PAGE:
Jared Leto
and Jennifer Lawrence. The resulting photo of the celebrities broke the previous retweet record within forty minutes, and was retweeted over 1.8 million times in the first hour.[63][64][65] By the end of the ceremony it had been retweeted over 2 million times, less than 24 hours later, it had been retweeted over 2.8 million times.[62][63] It beat the previous record, 778,801, which was held by Barack Obama, following his victory in the 2012 presidential election.[65][66][67] Politician selfies[edit]

Bill Nye
Bill Nye
takes a selfie with US President Barack Obama
Barack Obama
and Neil deGrasse Tyson at the White House

U.S. President Barack Obama
Barack Obama
made news headlines during Nelson Mandela's memorial celebration at Johannesburg's FNB Stadium with various world leaders, as he was snapped taking a selfie and sharing smiles with Danish Prime Minister Helle Thorning-Schmidt, and later with British Prime Minister David Cameron, as they gathered to pay tribute to Mandela.[68] The decision to take the selfies was considered to be in poor taste, as British political columnist Iain Martin critiqued the behaviour as "clowning around like muppets".[68] The photos also depict the First Lady Michelle Obama
Michelle Obama
sitting next to them looking "furious and mortified".[68] Despite the criticism, Roberto Schmidt, the photographer who captured the photos taken at the celebration, reported to the Today show it was taken at "a jovial, celebratory portion of the service".[69] In India, BJP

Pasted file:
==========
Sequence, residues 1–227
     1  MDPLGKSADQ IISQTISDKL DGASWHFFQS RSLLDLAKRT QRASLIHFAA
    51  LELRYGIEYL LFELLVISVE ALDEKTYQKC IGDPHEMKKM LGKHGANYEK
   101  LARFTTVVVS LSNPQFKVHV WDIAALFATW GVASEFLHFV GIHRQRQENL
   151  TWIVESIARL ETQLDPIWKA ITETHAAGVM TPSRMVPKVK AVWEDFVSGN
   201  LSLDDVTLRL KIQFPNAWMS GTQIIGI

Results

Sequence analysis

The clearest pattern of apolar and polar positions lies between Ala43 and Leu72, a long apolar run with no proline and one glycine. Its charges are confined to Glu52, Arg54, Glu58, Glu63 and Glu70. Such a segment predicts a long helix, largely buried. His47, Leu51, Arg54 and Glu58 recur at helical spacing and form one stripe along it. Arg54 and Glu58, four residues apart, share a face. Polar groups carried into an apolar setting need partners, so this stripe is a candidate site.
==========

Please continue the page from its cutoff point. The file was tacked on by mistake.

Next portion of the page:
Prime Ministerial candidate Narendra Modi
Narendra Modi
posted a selfie on Twitter after voting in Gandhinagar, India. The post became a major trending item on the micro-blogging platform.[70] In July 2014, the Swiss government became the first to take and post a picture of an entire national government (the picture was taken by one of the seven members of the government, Alain Berset).[71]

Former Italian Prime Minister Matteo Renzi
Matteo Renzi
taking a selfie with a supporter in Bologna.

The Portuguese President Marcelo Rebelo de Sousa
Marcelo Rebelo de Sousa
is known to pose for several selfies in public appearances, once even claiming to have posed for "over 1500 selfies" in three days, during which he estimated to have greeted about four thousand people — the social media phenomenon has coined the term "Marcelfie" to refer to these.[72] Most notably, the President posed for a selfie with Prime Minister António Costa in the Paris City Hall, during the Portugal Day